Jack O'Rourke On... Masculinity, Coming Out & PDAs

Jack O'Rourke sitting in front of a piano

In the lead up to the 2015 marriage equality referendum, Cork native Jack O’Rourke had a hit with the single ‘Silence’, which was about his experience of growing up gay. The song went on to win an International Songwriting Award, and now the singer/songwriter is releasing his debut album, which he describes as a “journey towards self- acceptance”. Here he talks about coming out aged 25, his day job as an out gay teacher in a Catholic secondary school, masculinity on the gay scene, and his ideal man



I was about four when I discovered I was different. I asked Santa for a kitchen, while all my mates had asked for hurleys and the like. When I brought it into school it was one of the first things that singled me out.

I’m from Ovens, which is a rural parish in Cork. Hurling and Catholicism reigned supreme; still my local school nurtured my love of music and allowed me to be. My parents indulged my creativity, I think I was one of the lucky ones of my generation because even though I knew I was different, I was embraced.

I suppressed my sexuality for a long time. I was in self-imposed exile. I never even experimented; I went out with a lot of girls.

A lot of the artists I looked up to, like Bowie, Tom Waits and Rickie Lee Jones, their live performances are based in different personas. I was using the same kind of thing when I performed with my band, but it was about hiding.

I watched a video of myself back one night, and I thought, ‘Christ, I don’t like that’. I was just being obnoxious.


…coming out

One day when I was 25 I was cutting the hedge in my parents’ garden, working like a dog. It was like working off excess shame and guilt, not being able to face up to the fact or at least say it to anyone that I was gay.

My mam knew there was something up, and she asked me what it was. When I told her, she was upset, not about the fact that I was gay, but that I’d kept it hidden for so long.


…post-coming out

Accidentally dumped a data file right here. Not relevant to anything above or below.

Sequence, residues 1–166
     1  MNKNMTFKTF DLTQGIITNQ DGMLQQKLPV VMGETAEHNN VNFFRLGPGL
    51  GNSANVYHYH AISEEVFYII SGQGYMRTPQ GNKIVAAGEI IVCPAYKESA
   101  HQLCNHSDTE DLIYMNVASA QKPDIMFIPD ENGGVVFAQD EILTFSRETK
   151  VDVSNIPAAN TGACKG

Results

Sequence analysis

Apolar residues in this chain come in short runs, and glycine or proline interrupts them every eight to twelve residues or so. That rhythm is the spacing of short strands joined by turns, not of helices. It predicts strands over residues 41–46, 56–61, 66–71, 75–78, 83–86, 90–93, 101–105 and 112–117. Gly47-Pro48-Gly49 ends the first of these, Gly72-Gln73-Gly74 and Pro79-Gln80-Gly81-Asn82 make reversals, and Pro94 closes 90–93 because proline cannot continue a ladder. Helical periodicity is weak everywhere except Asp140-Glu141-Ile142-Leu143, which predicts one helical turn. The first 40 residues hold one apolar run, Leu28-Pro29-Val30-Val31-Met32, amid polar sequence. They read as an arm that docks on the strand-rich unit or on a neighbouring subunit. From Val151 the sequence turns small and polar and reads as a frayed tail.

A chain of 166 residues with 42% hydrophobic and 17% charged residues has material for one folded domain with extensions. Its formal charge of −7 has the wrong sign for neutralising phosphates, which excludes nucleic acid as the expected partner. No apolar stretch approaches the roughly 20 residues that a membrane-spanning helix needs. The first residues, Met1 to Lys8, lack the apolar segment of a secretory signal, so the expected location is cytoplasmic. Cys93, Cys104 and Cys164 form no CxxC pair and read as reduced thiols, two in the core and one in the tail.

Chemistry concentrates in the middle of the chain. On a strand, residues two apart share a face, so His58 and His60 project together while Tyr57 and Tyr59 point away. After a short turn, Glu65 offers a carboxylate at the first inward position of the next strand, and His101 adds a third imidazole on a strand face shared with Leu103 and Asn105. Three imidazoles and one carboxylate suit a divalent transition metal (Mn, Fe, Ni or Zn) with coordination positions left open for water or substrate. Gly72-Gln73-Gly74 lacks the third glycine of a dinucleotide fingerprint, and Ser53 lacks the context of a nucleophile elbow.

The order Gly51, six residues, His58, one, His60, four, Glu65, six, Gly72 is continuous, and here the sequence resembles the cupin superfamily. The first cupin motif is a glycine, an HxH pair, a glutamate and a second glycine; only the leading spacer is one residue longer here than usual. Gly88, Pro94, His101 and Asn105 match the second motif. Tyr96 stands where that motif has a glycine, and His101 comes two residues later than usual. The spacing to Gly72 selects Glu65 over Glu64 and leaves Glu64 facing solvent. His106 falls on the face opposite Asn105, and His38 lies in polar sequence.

It was anticlimactic because I’d built it up so much in my head. My family and friends completely accepted me.

I came to realise that most naturally minded people don’t really have an issue with it, and if they do you have to wonder if it’s something in their own sexuality that they’re not comfortable with.



A lot of my songs were clouded in ambiguity. The song ‘Silence’ was the first really direct one I wrote. It was the story of my experience of being young and gay.

Just before the referendum, when it was released as a single, I got a huge amount letters from people who had come out, sometimes in their senior years, or who had yet to come out.

Even people who were going to vote No wrote to me. I think it was because it’s the story of a gay child; they found it very disarming.



Some of the songs on my new album are ten years old, so there’s a huge journey of self- acceptance running through it.

It’s about my first relationship, and it finishing, and finding my own feet. I wanted it to be hopeful at the end. A lot of the reviews have picked up on those elements, which is very gratifying.

Click below to find out what O’Rourke has to say about masculinity, his ideal man, and Public Displays of Affection.



…public displays of affection

My new single ‘On the Downlow’ is a companion piece to ‘Silence’. It’s very much referring to myself and an ex of mine, or universally its about people who fall in love and aren’t able yet to take that leap into being who they are, into being affectionate with each other in public.



Masculinity holds a lot of currency in the gay world. There’s a lot of shaming of people who are naturally flamboyant, like on the gay apps when people write ‘no fems’ or ‘straight acting’. We’re all guilty of the shaming, and it may be about internalised homophobia, but I think camp is something we should embrace.



My day-job is teaching music in a secondary school. It’s a Catholic school but there’s never been an issue with me being gay. It has an ethos of mutual respect. Kids sometimes come to me if they’re thinking of coming out or if they’re worried about something to do with their sexuality. I went to an amazing secondary school but I didn’t know any teachers who were gay. I think if I did it would have normalised it a bit more for me, maybe.

…teens coming out

Kids are coming out in my school earlier and earlier. I don’t think my generation is there with it yet – we think it’s great, but the kids themselves are pass remarkable. It’s the same as someone being black, or being from another part of town. I’m not naive enough to think that bullying doesn’t happen, there’s bullying everywhere, but there’s a lot of support for kids in my school who come out. If anyone has an issue with it, it’s quickly shut down.


… feeling good

Everyone’s got demons, but mine are silenced at the moment. I’m proud of the album – it’s entered straight into the top 20 in Ireland and is getting great reviews – and I’m looking forward to the tour. When all the madness dies down I’m looking forward to travelling more and meeting someone special.


…my ideal man

I’d like a like-minded soul who I find ridiculously attractive, who will be in the front row at all my gigs, throwing a jockstrap at me.


Jack O’Rourke was in conversation with Brian Finnegan. His debut album ‘Dreamcatcher’ is currently on release. He plays Whelan’s in Dublin on Thursday, November 3 as part of a national tour, Follow @JackORourkes on Twitter and Facebook.

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